Gabriel Mercado broke free down the right wing and his pass was fired into the net by Rojo, whose thunderous finish was only outdone by the roar of the crowd. The Argentine players piled on Rojo -- Messi in particular was on the Man United defender's shoulders -- barely believing what had transpired.
As the final whistle sounded, and with Iceland losing 2-1 to Croatia, Argentina's players were delirious with joy. After all, their World Cup dream lives on.
2. Argentina's supporting cast steps up
For all the questions surrounding the play of Messi during this World Cup, his teammates have been just as culpable. There has been little in the way of incisive play out of midfield and the defense has been frail. That all changed against Nigeria, with Banega in particular providing the kind of creativity needed to prevent Nigeria from focusing solely on Argentina's talisman. Not only did he set up Messi for the opening goal but he also released Angel di Maria on a clear breakaway that was only thwarted by a foul from Balogun, who received a yellow card for his professional foul.
Banega had been a regular contributor during Tata Martino's time in charge but under Sampaoli, his minutes have been less frequent, as he's started just five of Argentina's 11 games. At the World Cup Banega had become even more of an afterthought, making a 36-minute substitute appearance against Iceland and sitting out the Croatia game entirely. But with everything on the line, Sampaoli went back to Banega and it paid off in a big way.
He wasn't alone in his timely contributions, either. Goalkeeper Franco Armani was playing his first international match but delivered some immense saves, including one from Ighalo that would have put the game away. Of course, Rojo's contribution proved to be the biggest of all, the goal that will live in the memory of players and fans alike.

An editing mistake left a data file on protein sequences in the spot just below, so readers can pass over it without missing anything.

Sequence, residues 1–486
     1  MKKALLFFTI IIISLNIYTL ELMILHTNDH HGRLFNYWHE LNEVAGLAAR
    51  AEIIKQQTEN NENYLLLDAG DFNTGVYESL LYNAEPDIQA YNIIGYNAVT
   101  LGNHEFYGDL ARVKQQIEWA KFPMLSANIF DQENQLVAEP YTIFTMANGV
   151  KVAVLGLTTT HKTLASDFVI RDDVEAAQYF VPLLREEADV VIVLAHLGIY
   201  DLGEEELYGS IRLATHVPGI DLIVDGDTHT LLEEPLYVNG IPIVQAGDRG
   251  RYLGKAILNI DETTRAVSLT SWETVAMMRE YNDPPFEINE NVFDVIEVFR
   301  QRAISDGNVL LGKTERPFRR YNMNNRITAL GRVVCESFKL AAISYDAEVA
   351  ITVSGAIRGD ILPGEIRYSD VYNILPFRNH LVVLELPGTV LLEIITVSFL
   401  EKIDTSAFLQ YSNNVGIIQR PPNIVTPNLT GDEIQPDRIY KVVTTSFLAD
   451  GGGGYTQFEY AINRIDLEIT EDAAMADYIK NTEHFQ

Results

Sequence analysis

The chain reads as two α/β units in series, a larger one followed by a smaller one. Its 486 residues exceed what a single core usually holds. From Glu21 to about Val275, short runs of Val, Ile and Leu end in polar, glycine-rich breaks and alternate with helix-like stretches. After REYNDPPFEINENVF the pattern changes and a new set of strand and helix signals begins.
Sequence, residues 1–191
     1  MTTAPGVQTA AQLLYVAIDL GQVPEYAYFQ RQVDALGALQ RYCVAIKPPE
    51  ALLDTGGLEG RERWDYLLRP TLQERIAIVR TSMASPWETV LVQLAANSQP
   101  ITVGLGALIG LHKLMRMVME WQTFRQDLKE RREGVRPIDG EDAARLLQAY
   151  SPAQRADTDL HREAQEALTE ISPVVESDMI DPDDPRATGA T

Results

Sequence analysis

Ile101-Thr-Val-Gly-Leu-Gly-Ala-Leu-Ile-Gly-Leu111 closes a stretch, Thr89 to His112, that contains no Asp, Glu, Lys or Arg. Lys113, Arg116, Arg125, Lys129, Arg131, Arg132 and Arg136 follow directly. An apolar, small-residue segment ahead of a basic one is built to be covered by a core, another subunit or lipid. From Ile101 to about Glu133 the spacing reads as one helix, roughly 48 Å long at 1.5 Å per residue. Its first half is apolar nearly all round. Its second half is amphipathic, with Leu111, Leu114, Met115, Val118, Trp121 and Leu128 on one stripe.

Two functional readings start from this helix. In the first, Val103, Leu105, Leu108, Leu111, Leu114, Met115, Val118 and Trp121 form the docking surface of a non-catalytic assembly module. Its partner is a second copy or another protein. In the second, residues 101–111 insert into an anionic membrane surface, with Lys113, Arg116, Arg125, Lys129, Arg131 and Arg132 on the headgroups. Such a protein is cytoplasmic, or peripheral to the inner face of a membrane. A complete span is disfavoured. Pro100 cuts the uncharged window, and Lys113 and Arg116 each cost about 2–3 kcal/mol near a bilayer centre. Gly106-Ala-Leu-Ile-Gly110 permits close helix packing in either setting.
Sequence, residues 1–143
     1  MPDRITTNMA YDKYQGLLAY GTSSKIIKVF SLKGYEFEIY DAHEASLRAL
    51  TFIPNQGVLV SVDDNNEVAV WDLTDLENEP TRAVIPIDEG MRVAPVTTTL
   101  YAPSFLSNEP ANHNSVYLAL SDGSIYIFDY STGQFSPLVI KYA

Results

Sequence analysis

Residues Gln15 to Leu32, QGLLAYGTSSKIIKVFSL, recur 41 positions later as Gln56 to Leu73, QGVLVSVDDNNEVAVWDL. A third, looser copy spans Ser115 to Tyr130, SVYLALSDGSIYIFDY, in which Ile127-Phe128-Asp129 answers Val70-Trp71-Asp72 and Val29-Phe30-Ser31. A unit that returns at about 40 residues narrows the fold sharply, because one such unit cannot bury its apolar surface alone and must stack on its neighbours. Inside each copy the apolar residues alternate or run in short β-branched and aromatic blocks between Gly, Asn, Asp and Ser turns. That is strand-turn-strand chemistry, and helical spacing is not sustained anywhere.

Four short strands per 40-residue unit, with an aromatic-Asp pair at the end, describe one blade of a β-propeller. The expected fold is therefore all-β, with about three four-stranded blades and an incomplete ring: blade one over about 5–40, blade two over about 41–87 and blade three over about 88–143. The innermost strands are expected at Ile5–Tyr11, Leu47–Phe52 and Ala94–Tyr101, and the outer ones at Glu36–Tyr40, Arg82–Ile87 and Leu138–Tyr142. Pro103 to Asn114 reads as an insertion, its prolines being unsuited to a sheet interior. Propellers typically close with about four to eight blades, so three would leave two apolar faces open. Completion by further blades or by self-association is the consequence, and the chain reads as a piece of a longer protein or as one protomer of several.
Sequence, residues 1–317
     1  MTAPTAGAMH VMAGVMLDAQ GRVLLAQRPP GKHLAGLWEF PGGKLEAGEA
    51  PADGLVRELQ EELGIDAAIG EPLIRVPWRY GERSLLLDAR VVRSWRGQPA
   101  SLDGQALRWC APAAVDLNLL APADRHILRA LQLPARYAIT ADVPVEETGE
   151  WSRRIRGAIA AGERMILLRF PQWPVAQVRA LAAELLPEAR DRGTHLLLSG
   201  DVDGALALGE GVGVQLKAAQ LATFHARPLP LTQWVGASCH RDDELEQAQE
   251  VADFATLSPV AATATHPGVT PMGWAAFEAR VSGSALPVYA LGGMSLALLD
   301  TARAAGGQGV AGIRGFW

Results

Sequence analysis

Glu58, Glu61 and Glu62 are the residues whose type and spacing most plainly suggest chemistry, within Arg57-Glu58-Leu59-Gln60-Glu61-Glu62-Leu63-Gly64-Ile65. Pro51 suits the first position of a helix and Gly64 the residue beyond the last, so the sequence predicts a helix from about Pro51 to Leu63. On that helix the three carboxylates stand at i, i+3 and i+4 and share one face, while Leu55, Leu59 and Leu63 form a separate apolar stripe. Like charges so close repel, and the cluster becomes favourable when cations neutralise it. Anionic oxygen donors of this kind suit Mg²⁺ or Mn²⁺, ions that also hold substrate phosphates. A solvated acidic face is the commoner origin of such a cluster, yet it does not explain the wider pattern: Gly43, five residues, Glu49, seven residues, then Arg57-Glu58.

So now not only is Argentina still alive, but Messi's dream is as well. The round-of-16 will see Argentina square off against France in Kazan. It's as tough a match-up as one can expect at that stage but teams that have faced tournament elimination only to survive often carry a special kind of confidence. That could be just the mix to carry Argentina forward.
3. Nigeria left to rue missed opportunity
Super Eagles manager Gernot Rohr has long stated that his young side is gaining experience for the future but one can't help but look at its exit from the World Cup as an opportunity missed. Nigeria was up against a wounded team that was low on confidence. It then survived a first-half onslaught only to find an unlikely equalizer.
A draw would have been enough but much like Argentina in the first half, Nigeria failed to convert some glorious chances. Ighalo in particular will be having nightmares about the match given the looks that he had at goal.
They'll take controversy home with them as well. Should Rojo have been whistled for a penalty when his own header struck him in the arm? Nigeria fans will say yes, though there seemed little in the way of intent on the part of the Argentine defender.
Yet there is also a sense that Nigeria overall didn't play well enough on the day. The midfield in particular didn't do enough to grab a hold of the match and see it out. No doubt that will not be what haunts the Super Eagles' dreams. Instead there will be a sense of chances missed, and how close they came.
Jeff Carlisle covers MLS and the U.S. national team for ESPN FC. Follow him on Twitter @JeffreyCarlisle.